By: Araceli Martínez Ortega
Long Beach Senator Lena Gonzalez will introduce on Friday the “Fair Hiring” bill in Sacramento, which aims to end discrimination against Latinos and other minorities in their efforts to find a job.
“The hiring system is completely outdated and broken. Despite all the progress in terms of workplace diversity, we’re no better off than we were 25 years ago,” she says.
“This harms minority and low-income job seekers by denying them equitable access and job opportunities. It also harms employers who want to diversify their workforce, but face challenges when they try to change their hiring practices,” the Senator added.
A 2017 study found that white applicants receive on average 36% more calls from companies in response to their job applications than black applicants, and 24% more compared to Latinos with identical qualifications.
In the high-tech sector in the Silicon Valley, only 3.3% of the workforce is black, 6.6% Latino, and 36.7% are women.
Another 2012 report reveals that by changing the name of a female applicant to a masculine name significantly improved the chances that her teachers would consider her resume for a position in the areas of science, technology, mathematics, and engineering.
The problem, Senator González explains, is that many top companies only hire Ivy League graduates—who are significantly wealthier—for entry-level positions.
“This places low-income applicants at a disadvantage,” she says.
González notes that resume-based hiring opens opportunities for sexism, racism and bias.
“Resumes are full of demographic information and keys that can lead to conscious and unconscious bias,” she says.
Today, thanks to the internet, companies receive an average of 250 job applications for each position. This number can rise to thousands when it comes to a high-pay job with potential for promotion and pay rises.
According to the senator, resumes are a screening tool. “Recruiters spend an average of 5 to 7 seconds reviewing each resume, which means they can make decisions based on demographic keys,” she added.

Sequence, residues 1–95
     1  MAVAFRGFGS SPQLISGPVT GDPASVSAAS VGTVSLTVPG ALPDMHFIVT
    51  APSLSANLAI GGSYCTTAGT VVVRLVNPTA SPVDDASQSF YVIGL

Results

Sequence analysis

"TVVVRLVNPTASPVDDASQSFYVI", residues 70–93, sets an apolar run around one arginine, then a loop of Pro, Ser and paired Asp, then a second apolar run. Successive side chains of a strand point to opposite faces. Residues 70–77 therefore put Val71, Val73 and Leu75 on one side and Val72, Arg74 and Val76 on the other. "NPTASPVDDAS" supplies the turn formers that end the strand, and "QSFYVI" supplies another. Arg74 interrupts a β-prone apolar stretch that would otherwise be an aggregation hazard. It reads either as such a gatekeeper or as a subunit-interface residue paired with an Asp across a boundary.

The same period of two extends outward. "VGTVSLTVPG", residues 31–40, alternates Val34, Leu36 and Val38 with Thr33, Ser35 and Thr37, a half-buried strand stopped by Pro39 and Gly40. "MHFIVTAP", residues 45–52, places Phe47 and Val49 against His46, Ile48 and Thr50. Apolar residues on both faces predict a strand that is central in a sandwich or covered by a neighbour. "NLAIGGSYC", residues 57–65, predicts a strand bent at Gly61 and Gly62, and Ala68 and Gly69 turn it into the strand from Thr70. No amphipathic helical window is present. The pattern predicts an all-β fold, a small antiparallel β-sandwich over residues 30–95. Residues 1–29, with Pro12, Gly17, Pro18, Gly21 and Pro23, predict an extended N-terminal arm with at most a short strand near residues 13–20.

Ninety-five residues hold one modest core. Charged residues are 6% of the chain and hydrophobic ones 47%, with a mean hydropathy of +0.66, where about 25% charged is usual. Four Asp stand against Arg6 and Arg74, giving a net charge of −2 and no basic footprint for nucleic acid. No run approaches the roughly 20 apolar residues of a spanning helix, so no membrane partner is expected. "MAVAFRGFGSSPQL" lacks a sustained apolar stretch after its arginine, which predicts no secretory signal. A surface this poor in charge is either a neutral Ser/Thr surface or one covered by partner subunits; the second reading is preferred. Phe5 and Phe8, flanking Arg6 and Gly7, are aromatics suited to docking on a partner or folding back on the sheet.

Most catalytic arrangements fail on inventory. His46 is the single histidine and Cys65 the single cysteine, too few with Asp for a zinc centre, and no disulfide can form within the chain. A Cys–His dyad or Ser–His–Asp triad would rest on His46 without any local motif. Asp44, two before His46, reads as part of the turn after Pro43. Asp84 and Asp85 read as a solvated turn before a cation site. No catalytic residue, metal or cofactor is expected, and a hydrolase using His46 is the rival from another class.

Another very common tactic, González points out, is only to consider internal referrals, people who have worked with competitors or from top schools, which benefits the white, rich and well-connected, and leaves out people from minority groups.
What this legislation will accomplish
The TECH Act will provide guidelines for employers and legal certainty to use new hiring technologies, proven to prevent bias, to enhance workforce diversity.
“The important benefit is that qualified candidates who are not considered for jobs because they do not have a certain family name or connections, will have a fair opportunity at the job,” she notes.
The Senator explains that this will not be a mandatory law at the moment. “This legislation works within the regulatory system and provides an option, a program consisting of a database to be used by employers who want to test new assessment technologies and ensure that they comply with anti-discrimination laws,” she concluded.
Employers with more than 100 employees are required by law to report their hiring numbers annually, through an EEO-1 report.
To comply with existing laws, employers shall be responsible for monitoring assessments, maintaining records of results, and producing them if a complaint is filed against them.
While this bill is not protection against discrimination claims, it provides a level of security for employers by using assessment technologies that monitor and remove bias when hiring new staff.
Jessica Quintana, executive director of Centro C.H.A. in Long Beach, believes this measure will increase hiring opportunities for Latinos especially in tech companies.
“Today, there is discrimination based on color and race against Latinos, blacks, and other minorities,” Quintana notes.
“Unfortunately, when they see their applications, they are disqualified without giving them the opportunity to show who they are, and without assessing their skills and qualifications,” she added.